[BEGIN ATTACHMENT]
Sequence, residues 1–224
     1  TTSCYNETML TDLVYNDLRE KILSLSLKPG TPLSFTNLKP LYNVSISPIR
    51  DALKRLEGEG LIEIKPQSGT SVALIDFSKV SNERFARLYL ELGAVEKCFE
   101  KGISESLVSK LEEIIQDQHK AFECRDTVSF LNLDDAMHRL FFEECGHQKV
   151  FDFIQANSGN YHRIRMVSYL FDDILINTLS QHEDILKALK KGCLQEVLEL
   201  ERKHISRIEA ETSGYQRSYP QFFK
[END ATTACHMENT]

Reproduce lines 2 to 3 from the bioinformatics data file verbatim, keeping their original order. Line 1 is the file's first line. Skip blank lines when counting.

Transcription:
     1  TTSCYNETML TDLVYNDLRE KILSLSLKPG TPLSFTNLKP LYNVSISPIR
    51  DALKRLEGEG LIEIKPQSGT SVALIDFSKV SNERFARLYL ELGAVEKCFE